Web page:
Some older unix systems restore the signal action to

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Unformatted text preview: means writing an image of the code and data memory segments to disk. 8.5. SIGNALS 423 8.5.1 Signal Terminology The transfer of a signal to a destination process occurs in two distinct steps: ¯ Sending a signal. The kernel sends (delivers) a signal to a destination process by updating some state in the context of the destination process. The signal is delivered for one of two reasons: (1) the kernel has detected a system event such as a divide-by-zero error or the termination of a child process; (2) A process has invoked the kill function (discussed in the next section) to explicitly request the kernel to send a signal to the destination process. A process can send a signal to itself. Receiving a signal. A destination process receives a signal when it is forced by the kernel to react in some way to the delivery of the signal. The process can either ignore the signal, terminate, or catch the signal by executing a user-level function called a signal handler. ¯ A signal that has been sent but not yet received is called a pending signal. At any point in time, there can be at most one pending signal o...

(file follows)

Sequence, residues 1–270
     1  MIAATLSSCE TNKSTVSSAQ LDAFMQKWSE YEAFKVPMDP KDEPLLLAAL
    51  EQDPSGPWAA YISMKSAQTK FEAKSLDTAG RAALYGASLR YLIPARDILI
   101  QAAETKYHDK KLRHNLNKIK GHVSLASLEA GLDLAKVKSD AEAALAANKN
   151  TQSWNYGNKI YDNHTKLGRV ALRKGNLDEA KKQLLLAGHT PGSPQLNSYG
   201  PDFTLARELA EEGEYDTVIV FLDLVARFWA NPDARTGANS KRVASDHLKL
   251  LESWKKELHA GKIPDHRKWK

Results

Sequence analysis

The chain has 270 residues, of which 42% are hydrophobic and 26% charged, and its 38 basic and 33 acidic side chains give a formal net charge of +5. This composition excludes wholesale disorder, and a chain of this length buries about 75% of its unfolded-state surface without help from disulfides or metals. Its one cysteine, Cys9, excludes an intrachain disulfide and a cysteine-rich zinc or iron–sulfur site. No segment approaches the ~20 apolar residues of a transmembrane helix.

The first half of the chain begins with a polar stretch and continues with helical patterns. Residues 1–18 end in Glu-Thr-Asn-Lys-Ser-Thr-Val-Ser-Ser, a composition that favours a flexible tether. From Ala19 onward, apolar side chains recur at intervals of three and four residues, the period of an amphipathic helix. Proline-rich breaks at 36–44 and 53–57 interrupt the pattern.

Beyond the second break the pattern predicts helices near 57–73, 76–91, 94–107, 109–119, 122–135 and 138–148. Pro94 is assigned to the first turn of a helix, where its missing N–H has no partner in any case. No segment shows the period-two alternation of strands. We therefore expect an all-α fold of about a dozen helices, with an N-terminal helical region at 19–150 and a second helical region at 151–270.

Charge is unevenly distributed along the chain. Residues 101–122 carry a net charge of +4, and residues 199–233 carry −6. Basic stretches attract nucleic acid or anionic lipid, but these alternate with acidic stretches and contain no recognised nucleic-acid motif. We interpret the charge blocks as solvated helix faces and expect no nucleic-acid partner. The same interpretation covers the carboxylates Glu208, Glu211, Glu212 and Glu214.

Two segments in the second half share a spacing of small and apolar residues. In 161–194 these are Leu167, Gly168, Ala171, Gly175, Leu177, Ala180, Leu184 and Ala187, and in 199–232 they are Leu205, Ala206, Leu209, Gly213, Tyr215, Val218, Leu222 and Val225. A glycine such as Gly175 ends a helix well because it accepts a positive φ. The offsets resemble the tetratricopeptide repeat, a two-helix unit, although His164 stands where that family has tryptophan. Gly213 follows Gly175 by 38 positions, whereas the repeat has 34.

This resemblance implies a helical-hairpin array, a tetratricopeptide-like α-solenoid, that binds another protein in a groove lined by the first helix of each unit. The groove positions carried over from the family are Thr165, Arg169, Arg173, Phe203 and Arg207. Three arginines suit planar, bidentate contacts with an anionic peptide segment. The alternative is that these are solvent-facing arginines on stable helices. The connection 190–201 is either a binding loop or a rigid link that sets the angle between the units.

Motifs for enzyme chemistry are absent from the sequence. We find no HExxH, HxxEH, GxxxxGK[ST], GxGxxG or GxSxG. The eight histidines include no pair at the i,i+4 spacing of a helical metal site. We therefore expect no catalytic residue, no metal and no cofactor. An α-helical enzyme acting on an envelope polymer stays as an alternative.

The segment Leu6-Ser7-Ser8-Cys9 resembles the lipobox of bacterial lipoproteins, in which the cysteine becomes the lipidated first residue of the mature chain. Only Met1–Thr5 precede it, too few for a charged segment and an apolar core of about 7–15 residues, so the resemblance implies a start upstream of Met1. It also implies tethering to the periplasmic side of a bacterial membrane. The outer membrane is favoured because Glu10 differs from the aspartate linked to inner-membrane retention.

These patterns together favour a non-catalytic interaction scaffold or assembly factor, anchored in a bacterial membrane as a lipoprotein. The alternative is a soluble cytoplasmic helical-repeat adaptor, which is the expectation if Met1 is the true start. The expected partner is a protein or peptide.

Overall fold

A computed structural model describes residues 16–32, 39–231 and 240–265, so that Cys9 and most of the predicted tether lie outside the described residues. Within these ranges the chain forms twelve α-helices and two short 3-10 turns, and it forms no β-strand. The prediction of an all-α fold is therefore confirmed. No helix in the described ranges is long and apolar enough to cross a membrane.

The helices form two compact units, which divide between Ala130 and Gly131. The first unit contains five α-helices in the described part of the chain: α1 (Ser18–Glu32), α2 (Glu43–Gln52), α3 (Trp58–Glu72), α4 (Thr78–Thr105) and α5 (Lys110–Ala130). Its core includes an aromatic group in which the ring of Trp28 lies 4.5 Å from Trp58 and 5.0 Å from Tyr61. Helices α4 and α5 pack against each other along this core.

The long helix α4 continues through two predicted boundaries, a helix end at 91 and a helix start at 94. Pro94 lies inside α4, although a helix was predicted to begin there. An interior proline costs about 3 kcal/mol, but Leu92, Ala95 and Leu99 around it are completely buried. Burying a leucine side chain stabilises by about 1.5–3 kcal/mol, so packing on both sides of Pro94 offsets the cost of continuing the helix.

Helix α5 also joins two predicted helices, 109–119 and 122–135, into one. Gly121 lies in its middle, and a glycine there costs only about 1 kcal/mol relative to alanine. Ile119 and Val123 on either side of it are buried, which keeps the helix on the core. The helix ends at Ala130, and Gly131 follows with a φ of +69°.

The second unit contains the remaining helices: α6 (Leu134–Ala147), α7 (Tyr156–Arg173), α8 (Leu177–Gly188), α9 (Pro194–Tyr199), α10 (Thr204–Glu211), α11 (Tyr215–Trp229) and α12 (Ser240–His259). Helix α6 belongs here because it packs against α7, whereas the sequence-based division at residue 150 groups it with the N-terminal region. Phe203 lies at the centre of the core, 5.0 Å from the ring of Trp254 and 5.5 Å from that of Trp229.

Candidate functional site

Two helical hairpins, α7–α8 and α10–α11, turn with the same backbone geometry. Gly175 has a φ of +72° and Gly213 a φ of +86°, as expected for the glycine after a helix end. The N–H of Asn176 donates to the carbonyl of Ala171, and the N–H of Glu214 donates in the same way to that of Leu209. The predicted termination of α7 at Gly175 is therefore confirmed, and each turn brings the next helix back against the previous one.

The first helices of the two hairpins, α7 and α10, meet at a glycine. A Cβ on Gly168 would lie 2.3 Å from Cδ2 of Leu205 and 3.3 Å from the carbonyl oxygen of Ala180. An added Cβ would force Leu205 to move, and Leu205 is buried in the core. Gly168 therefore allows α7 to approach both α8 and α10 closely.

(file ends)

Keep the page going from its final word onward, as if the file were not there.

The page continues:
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This note was uploaded on 09/02/2010 for the course ELECTRICAL 360 taught by Professor Schultz during the Spring '10 term at BYU.

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